A survey on police bribery in Mexico

Picture 7Have you ever been stopped by an officer in Mexico on what you suspected were trumped-up charges meant to solicit a bribe?

Have you flagrantly violated the laws in Mexico because you figure you can resolve these problems with a stack of bills?

I invite readers to fill out a short survey on people’s attitudes towards police bribery in Mexico. Click Here to take survey. When I get enough responses, I’ll write a blog item about the results. In the meantime, I’ll share my story: When I worked in Tijuana, I was stopped by police officers several times on what I suspected were fishing expeditions. The conversations would end predictably: The officer/s would ask me what I was doing in Tijuana and I would explain that I was a reporter for The San Diego Union-Tribune. At that point, I would be treated like an old friend.

One of the frustrations about police bribery in Mexico is that I always suspected that the vast majority of cases go unreported by tourists who don’t have press credentials and who don’t know how to get out of this kind of a sticky situation. It doesn’t even rise to the standard of regular news coverage, though here is an overview story I wrote about the issue in 2007 that was pegged to some efforts being made by Tijuana to address the problem. I’m curious what other people think. Your identity will remain anonymous, but feel free to include your contact information if you want to chat more.

Another link in case you missed it earlier: Click Here to take survey

UPDATE 11/03/09: I’ve kept this survey open and now have 107 responses. Keep them coming! I will try to do a post on the results next week.

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10 responses to “A survey on police bribery in Mexico

  1. I am 2 for 2. I have never gotten out of a ticket without a bribe in Baja. I remember the first time I got pulled over I did not have any cash on me and the cop was like “Well there’s an ATM over there…” Bastards made me do the walk of shame, and then upon returning to the vehicle he tells me, “now be discrete, handing over the cash.” I counted out 20 one dollar bills standing on the side of road.

    Did you have to show your reports ID or did he take our word? Next time, I think I am going to say that I work for the LA Times and I’m in town to interview Hugo Torres about a story about corrupt cops.


  2. Wow, that’s pretty bold w/the officer forcing you to take it from the ATM. Normally, I had my ID ready to back up my statement. Now I feel more vulnerable since I don’t have that press pass but so far I have been ok.

  3. Pulled over once in 20 years, officer was professional and actually wrote me a ticket.

  4. i didn’t met with this problem in mexico.
    i’ve been one time 5 years ago.
    i love this country.

  5. Glad to hear that you didn’t have any problems when you visited Mexico!

  6. I have been nailed twice by Tijuana motorcycle police. The first was on the hill leaving town right before the first toll booth. He said I was speeding but mexican cars were going faster. He liked my Calif plates. Wanted $80 usd, talked him down to $50. Not a great way to start a trip.
    The second time i was trying to turn where I wasn’t supposed to. Gave him all my money ($40) but kept a twenty saying that I wanted to get a black velvet Elvis painting at la frontera. He seemed to think that was a good reason. Both spoke excellent english.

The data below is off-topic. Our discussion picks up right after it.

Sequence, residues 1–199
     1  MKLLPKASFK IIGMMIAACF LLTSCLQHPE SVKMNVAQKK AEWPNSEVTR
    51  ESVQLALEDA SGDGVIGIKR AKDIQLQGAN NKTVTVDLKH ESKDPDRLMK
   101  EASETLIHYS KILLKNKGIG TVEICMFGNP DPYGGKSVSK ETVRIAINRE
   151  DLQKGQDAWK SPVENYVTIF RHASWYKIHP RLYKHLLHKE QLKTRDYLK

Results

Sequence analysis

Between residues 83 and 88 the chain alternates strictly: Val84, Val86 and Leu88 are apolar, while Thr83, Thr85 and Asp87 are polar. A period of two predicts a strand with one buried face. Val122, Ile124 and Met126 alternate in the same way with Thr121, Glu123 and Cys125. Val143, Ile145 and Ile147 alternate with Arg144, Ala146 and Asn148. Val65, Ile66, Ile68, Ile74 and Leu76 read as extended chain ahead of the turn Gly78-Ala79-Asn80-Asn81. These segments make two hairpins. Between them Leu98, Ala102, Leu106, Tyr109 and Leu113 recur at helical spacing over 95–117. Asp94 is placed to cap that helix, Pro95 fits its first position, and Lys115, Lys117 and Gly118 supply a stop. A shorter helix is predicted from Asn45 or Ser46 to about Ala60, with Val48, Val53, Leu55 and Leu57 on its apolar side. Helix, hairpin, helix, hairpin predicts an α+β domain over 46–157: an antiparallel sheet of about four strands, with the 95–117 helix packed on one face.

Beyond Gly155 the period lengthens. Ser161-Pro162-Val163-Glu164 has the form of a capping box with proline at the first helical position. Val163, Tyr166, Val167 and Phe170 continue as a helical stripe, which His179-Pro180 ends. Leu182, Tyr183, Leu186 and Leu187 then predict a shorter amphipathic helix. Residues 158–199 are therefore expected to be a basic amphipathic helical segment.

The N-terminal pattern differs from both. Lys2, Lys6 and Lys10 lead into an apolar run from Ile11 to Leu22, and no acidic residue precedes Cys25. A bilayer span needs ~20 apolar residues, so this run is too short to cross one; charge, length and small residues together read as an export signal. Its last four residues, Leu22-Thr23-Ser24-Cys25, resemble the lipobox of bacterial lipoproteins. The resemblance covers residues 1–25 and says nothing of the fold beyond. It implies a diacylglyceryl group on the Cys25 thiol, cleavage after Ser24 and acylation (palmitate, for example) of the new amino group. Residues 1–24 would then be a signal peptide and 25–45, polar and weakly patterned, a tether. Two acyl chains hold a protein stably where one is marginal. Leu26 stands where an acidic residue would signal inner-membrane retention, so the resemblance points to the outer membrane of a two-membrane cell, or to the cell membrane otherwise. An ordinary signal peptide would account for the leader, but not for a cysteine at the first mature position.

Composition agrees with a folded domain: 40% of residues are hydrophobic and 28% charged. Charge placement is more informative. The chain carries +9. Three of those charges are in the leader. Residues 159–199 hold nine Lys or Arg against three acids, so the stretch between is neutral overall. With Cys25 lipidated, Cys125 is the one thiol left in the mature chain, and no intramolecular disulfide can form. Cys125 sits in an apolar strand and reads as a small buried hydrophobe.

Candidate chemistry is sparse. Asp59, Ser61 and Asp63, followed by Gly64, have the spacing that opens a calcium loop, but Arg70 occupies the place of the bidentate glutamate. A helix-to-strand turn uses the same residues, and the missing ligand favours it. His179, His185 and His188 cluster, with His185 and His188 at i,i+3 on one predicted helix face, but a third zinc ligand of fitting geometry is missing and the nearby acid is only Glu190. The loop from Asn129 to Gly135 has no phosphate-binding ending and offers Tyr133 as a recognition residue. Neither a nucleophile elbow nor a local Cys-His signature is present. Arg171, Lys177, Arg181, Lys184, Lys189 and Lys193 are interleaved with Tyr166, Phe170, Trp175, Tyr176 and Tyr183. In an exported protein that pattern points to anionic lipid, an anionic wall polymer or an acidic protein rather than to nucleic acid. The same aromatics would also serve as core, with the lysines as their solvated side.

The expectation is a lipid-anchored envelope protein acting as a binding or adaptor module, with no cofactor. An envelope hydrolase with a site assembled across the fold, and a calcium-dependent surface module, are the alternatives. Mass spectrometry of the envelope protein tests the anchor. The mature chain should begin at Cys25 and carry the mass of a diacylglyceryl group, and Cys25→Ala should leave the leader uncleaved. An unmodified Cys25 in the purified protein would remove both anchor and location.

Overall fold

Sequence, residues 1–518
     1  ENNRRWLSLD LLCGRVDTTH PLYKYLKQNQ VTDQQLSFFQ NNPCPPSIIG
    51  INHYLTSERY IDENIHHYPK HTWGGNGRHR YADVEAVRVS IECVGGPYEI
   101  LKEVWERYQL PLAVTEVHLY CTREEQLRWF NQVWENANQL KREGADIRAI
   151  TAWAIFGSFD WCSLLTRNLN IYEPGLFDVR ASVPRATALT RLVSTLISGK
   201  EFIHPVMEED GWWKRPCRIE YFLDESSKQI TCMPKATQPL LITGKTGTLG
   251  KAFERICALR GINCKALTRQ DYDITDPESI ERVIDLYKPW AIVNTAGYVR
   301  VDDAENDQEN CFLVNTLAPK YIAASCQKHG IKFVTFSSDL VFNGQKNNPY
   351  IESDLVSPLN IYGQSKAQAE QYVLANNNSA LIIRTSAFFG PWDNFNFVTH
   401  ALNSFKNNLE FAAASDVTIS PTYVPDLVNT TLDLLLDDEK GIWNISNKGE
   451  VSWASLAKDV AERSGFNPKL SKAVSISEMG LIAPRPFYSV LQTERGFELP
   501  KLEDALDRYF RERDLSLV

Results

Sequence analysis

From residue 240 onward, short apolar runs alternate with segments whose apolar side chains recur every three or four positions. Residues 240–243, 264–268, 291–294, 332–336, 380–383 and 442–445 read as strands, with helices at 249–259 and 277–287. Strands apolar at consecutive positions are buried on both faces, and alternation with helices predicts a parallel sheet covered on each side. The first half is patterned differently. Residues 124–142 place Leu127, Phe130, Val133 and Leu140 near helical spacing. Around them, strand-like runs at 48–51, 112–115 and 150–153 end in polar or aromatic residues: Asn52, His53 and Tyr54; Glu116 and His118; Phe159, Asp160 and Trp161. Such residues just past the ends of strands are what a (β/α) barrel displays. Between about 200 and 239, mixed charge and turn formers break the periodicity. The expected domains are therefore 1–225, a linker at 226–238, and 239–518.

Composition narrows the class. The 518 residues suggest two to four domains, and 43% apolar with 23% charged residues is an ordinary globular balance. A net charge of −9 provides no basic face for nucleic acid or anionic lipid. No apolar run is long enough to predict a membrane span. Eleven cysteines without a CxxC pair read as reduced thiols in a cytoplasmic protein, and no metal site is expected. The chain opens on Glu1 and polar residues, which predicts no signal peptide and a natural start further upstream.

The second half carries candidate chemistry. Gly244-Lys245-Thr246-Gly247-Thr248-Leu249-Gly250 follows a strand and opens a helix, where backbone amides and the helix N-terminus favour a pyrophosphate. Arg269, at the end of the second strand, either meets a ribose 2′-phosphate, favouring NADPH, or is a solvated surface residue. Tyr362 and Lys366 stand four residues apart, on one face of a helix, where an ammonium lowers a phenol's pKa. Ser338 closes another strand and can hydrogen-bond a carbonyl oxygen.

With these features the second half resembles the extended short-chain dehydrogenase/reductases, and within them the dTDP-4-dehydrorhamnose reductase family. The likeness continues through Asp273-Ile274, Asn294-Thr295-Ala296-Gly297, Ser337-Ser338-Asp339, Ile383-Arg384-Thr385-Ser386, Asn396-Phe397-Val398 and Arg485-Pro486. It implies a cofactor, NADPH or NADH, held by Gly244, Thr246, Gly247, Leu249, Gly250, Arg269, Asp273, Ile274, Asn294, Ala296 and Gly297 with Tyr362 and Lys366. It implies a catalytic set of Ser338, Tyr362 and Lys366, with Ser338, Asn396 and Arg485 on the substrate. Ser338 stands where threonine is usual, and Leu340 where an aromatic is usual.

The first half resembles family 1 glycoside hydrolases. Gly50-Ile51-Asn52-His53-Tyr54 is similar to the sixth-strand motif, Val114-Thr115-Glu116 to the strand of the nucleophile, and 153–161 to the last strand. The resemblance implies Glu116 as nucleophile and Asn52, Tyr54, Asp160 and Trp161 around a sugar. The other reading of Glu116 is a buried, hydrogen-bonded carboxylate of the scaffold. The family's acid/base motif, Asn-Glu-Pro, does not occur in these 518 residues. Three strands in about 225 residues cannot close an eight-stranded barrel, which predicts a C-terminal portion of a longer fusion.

Both times I felt ripped off and swore about what a crappy place TJ is. But…i still go there. I love mexico

  7. Hi, Marty. I’m so sorry to hear about that. I have to admit, however, that I found the line about getting a black velvet elvis pretty funny in the sense that the cops seemed to think that was a good reason to let you keep some of your money.

  8. Never pay a traffic fine to the policeman who writes you up. If you do so, you will be paying a bribe or an extortion rather than a fine.

    In Tijuana and Rosarito, traffic fines can be paid by mail to a post office box in San Diego.

    If you wish to contest a traffic fine anywhere in Mexico, you have the right to be presented to a judge immediately. Just say “Vámonos a la comandancia.” But you should also be aware that 60 kph is not the same as 60 mph because many gringos get speeding tickets for good reason.

    If you have access to the Mexican telephone system (cell phones, pay phones, private phones), dialing “078” in Baja California at any hour of the day or night will get you someone who has been trained to help tourists and who speaks English. The call is similar to “911” in the U.S.

    If you have been a victim of police extortion and you have not had access to 078, you can still report the crime. In Tijuana, such issues are handled by the Sindicatura (Internal Affairs). They maintain a kiosk at the eastern entrance to City Hall and can also be reached by Internet at http://www.sindicatura.gob.mx/complaints/index.asp

    Police corruption was more of an issue during the previous mayoral administration. After Jorge Hank left power, one fifth of his police force has been dismissed for having abused their authority. If you encounter police corruption nowadays, challenge the policeman and he should back down for fear of his job. But also make a note of his badge number and report him, please.

  9. Hey! This is my first visit to your blog! We are a group of volunteers and starting a new initiative in a community in the same niche. Your blog provided us valuable information to work on. You have done a wonderful job!

  10. I tried to take the online survey re: being hassled in tj by police, but it is no longer valid. if you have a current one, or website or other oarticles i’m very interested in this topic. please feel free to email any info/articles you have.

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